Eric & Ray's Top 10 Tips for Borrowers
Eric & Ray's Top 10 Tips
adapted from Mortgages for Dummies
by Eric Tyson and Ray Brown
Eric Tyson and Ray Brown, who also wrote Home Buying for Dummies, have followed up with Mortgages for Dummies. The book is a comprehensive introduction for anyone who is contemplating a mortgage, and tells you how to evaluate your creditworthiness, determine your borrowing power, and shop for a lender, as well as covering the various types of loans.
- Before you get a mortgage, be sure you understand your personal financial situation. The amount of money a banker is willing to lend you is not necessarily the amount you can "afford" to borrow given your financial goals and current situation.
- Understanding how lenders evaluate your creditworthiness will maximize your chances for getting the mortgage you want the first time you apply and keep you from wasting time and money on loans which end up rejected. Most obstacles to mortgage qualification can and should be overcome prior to submitting a loan application.
- The ocean of mortgage programs is bordered with reefs of jargon. Learn loan lingo before you begin the mortgage shopping voyage to ensure that you hook the best loan and to minimize your chances of being taken by loan sharks.
- To select the best type of fixed-rate or adjustable-rate mortgage for your situation, clarify two important issues. How long do you expect to keep the loan? How much financial risk are you able to accept?
- Special situation loans - such as a home equity loan or 80-10-10 financing could be just what you need. However, some "special" loans such as 125 percent loans and balloon loans, can be toxic.
- Whether you do it yourself or hire a mortgage broker to shop for you, canvas a variety of lenders when seeking the best mortgage. Be sure to shop not only for a low cost loan but also for lenders that provide a high level of service.
- To compare various lenders' mortgage programs, you must understand the myriad costs and features associated with each loan. To help you keep score and do a fair comparison, we provide helpful worksheets in the book.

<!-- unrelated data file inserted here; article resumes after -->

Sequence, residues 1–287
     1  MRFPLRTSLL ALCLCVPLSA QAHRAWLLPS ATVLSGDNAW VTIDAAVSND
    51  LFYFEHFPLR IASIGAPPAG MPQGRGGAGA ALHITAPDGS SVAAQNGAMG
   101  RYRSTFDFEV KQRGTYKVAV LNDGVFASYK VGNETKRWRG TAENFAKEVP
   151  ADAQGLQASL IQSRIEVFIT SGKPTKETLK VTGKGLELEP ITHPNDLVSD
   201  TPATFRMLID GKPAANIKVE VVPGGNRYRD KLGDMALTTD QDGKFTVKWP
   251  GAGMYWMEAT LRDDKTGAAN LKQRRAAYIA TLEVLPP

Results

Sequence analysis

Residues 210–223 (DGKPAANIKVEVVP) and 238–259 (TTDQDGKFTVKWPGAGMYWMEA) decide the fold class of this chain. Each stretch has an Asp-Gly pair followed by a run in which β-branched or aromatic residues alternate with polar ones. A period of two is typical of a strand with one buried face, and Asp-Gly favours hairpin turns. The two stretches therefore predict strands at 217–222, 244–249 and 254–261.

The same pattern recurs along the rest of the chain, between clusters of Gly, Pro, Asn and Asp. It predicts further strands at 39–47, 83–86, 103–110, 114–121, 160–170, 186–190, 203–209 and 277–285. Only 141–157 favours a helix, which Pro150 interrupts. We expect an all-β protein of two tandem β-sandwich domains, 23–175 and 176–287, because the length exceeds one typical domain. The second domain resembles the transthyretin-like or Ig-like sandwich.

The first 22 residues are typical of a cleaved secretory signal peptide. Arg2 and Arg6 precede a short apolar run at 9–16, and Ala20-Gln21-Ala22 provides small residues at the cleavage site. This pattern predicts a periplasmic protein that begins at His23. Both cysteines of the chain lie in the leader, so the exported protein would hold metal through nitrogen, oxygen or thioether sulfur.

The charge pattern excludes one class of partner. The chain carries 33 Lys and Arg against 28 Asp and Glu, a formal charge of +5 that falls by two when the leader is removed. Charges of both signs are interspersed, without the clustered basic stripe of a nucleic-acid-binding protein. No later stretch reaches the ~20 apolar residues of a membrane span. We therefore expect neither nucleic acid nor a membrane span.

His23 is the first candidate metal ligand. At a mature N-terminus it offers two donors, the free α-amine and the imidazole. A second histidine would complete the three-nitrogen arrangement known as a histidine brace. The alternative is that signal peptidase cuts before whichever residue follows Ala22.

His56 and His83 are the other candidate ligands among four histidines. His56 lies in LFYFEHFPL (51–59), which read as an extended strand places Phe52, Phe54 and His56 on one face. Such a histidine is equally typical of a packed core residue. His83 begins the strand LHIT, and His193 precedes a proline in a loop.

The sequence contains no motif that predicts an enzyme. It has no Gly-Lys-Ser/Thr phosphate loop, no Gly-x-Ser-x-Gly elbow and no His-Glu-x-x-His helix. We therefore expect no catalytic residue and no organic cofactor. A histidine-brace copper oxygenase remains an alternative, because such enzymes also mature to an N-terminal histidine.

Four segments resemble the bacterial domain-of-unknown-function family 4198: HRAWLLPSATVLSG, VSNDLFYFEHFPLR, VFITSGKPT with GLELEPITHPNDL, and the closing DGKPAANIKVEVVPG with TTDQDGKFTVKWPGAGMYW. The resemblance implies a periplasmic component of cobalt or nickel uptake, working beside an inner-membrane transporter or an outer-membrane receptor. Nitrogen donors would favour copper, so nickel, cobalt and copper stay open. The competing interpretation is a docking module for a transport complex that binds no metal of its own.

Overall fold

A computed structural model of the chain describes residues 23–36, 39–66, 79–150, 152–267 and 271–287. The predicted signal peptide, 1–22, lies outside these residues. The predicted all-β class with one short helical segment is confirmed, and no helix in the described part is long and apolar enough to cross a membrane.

- Just as preparing a compelling resume is the first step to securing a job you want, crafting a positive, truthful mortgage application is key to getting the loan you want.
- Refinancing - that is obtaining a new mortgage to replace an existing one can save you big money. After you get a purchase mortgage, stay informed about interest rates sincea drop in rates could provide a money saving opportunity. Assess how long it will take you to recoup your out-of-pocket refinance costs.
- Prepaying your mortgage - that is, making larger than required monthly loan payments to payoff your mortgage faster - may or may not make sense depending upon your personal and financial circumstances.
Eric Tyson, MBA, is a financial counselor, syndicated columnist and author of five best-selling books including Home Buying for Dummies (co-author), Investing for Dummies and Personal Finance for Dummies. His work has been praised and featured in hundreds of publications including Newsweek, the Los Angeles Times, the Wall Street Journal, Kiplingers, and on PBS, ABC, the NBC Today Show, CNN, CNBC, CBS and National Public Radio.
Ray Brown is a 25-plus year veteran of the residential real estate profession. He wrote a syndicated column and currently hosts a weekly radio program, "Ray Brown on Real Estate." He has appeared on CNN, NBC, CBS, and in the Wall Street Journal and Time magazine.
More help from HSH.com
The salary you must earn to buy a home in 50 metrosHere’s how much salary you would need to earn in order to afford the median-priced home in your metro area.
10 metros where a home costs about $1,000/monthHSH.com identifies 10 metro areas where you can afford the principal, interest, taxes and insurance payments on a median-priced home for only around $1,000 per month.
Why is my lender asking for so much documentation?We're looking to refinance our primary home. We own rental properties and the potential lender wants to know everything...
Should I consider my home an “asset”?The answer is "yes", or even "maybe" or "it can be", usually modified by "but not right away, if ever." When it comes to the financial aspect of homeownership, the answer is rarely simple.
Are there drawbacks to buying a 50-year old house?Compared to newer stock, buying an older home can pose different challenges, but whether or not there are drawbacks depend on your choices and needs... and on those of the people who owned it before you.